According to NCAA reporting documents obtained by the Missourian through an open-records request, the average number of tickets scanned for the football team’s seven home contests in 2018 was 24,377 per game, or roughly 47 percent of what the school reported in its game box scores.
Athletic department officials, however, say the numbers they reported to the NCAA aren’t a full picture of the actual ticketed attendance in the 2018 season because faulty scanners, which were sensitive to the elements, and poor Wi-Fi connectivity forced event staffers to move large swaths of fans through the gates without recording their tickets into the system. No estimate was available for how many unscanned tickets were allowed into the stadium.
No offense, guys, but “the dog ate my homework” defense didn’t work in the fifth grade, so why you would expect it to work now?
Mizzou says it tracks on the basis of tickets sold, and from a bottom line standpoint, I suppose that’s what matters, but there’s this, too:
“You lose concessions and merchandise, but I also think you lose the home-field advantage that you want,” said Jay Luksis, Missouri’s executive associate athletic director for marketing and revenue generation.
And here’s the super yikes moment:
“We’ve seen it a lot here lately where we’re either up big or we’re behind, and there hasn’t been a ton of close games in the three years I’ve been here. … And we need to do everything we can to entertain them while they are here because obviously we want them to stay. But sometimes it’s tough to compete with parties and restaurants and bars downtown, and also with TV.”
The school is doing what it can to combat the problem, most visibly by holding the line or cutting ticket prices, but we all know what the real problem is.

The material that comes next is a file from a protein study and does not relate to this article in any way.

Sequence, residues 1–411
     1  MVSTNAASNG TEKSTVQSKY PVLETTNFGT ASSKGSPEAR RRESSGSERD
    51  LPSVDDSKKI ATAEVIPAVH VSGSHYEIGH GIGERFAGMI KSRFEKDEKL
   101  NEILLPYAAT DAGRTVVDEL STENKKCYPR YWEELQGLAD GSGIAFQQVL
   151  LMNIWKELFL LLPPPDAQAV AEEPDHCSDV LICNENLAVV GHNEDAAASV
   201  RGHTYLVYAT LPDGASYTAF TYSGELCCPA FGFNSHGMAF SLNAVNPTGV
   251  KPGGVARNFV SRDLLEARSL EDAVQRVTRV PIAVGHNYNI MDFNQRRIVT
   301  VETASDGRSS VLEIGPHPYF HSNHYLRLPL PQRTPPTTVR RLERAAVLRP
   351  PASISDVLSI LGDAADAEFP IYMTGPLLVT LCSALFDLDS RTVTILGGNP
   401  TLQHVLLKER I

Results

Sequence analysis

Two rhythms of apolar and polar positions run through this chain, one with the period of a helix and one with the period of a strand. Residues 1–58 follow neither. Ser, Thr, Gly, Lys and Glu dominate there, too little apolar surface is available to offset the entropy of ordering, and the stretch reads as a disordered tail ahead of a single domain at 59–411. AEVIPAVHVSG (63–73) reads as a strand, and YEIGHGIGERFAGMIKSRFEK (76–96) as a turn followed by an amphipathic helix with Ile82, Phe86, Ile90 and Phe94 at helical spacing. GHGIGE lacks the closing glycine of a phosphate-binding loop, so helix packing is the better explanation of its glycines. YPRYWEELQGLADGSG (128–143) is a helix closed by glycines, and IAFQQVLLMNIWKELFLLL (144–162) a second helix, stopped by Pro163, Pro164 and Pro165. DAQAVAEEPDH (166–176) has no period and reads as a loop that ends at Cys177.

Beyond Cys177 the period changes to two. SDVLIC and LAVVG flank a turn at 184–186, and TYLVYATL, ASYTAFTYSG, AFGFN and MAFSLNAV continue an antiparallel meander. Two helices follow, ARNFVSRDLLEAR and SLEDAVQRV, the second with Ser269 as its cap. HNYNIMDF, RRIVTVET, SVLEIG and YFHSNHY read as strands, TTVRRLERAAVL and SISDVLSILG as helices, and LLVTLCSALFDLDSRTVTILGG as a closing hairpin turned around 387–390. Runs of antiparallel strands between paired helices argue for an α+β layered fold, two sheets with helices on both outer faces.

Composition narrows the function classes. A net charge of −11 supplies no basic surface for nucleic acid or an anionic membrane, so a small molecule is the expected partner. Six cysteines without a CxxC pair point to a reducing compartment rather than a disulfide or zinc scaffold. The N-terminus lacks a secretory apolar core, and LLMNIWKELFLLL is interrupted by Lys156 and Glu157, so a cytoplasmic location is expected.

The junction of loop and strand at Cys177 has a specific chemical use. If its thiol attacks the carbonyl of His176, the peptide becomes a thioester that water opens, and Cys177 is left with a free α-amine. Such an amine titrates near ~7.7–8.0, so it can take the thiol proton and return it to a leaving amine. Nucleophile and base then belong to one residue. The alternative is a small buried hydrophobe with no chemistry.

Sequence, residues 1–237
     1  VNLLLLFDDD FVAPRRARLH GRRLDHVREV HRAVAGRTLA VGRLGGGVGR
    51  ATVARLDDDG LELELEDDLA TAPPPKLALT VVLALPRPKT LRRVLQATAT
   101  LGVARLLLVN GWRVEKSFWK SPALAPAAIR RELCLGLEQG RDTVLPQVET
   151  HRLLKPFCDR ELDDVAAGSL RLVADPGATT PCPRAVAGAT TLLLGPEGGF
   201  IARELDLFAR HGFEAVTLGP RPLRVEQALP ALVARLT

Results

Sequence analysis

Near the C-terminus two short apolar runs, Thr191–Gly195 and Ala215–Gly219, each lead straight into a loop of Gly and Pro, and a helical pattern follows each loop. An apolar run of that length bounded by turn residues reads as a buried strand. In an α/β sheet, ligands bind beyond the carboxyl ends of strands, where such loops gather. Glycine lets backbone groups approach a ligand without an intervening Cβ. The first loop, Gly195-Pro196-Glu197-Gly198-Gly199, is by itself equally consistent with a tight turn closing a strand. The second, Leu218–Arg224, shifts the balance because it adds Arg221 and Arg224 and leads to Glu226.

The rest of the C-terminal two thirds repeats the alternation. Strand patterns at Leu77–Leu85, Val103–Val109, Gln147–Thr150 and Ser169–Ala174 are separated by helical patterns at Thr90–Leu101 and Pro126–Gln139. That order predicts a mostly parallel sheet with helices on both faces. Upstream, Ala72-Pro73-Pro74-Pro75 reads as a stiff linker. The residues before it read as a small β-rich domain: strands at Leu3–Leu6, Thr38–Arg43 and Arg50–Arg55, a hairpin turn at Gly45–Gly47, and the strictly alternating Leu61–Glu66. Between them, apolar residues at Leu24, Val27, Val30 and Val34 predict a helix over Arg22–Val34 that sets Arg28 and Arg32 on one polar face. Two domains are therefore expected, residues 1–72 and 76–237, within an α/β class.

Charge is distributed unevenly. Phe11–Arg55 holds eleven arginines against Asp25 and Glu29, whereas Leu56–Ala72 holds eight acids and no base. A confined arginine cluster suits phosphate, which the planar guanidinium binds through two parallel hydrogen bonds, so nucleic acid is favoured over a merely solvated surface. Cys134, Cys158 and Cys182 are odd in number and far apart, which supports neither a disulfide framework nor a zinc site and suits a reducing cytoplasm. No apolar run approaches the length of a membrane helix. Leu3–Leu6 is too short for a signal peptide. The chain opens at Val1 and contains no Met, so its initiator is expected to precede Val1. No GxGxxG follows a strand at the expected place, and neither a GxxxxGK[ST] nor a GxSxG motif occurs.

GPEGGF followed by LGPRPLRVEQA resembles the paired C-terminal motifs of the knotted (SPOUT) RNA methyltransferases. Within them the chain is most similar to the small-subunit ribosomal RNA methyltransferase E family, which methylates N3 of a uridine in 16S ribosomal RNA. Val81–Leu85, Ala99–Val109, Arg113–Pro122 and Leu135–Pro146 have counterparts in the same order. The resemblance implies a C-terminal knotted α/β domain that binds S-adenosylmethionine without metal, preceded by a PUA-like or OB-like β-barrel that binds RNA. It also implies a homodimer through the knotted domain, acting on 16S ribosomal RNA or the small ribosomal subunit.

Missouri’s athletic department, like many of its peers, faces an uphill climb in getting people back into the stadium. Over the past four years, college football attendance has declined by more than 7 percent nationwide, and that’s simply using the announced attendance numbers. In 2017, the SEC, which led college football in attendance for the 20th consecutive season, saw its average attendance decline by 2,433 fans per game — the league’s biggest drop-off since 1992.
Through its media rights contracts with CBS and ESPN, which owns the SEC Network, the conference has more football games nationally televised — and more revenue from those televised games — than ever before. But it also must reckon with the options those broadcasts provide to its fans. They no longer have to come to the game to see their team play, and depending on cost, weather, traffic and ultimately their physical place in the stadium, watching from home is often more convenient and cost-effective.
If you can’t or won’t figure out a way to counter that, it’s not going to improve. The reality for schools is that as broadcast contracts grow ever more lucrative, there’s less incentive to find ways to offset declining home attendance. Missouri’s gonna get the same SEC Network check no matter how many cupcakes it schedules. Not exactly a recipe for success, in other words.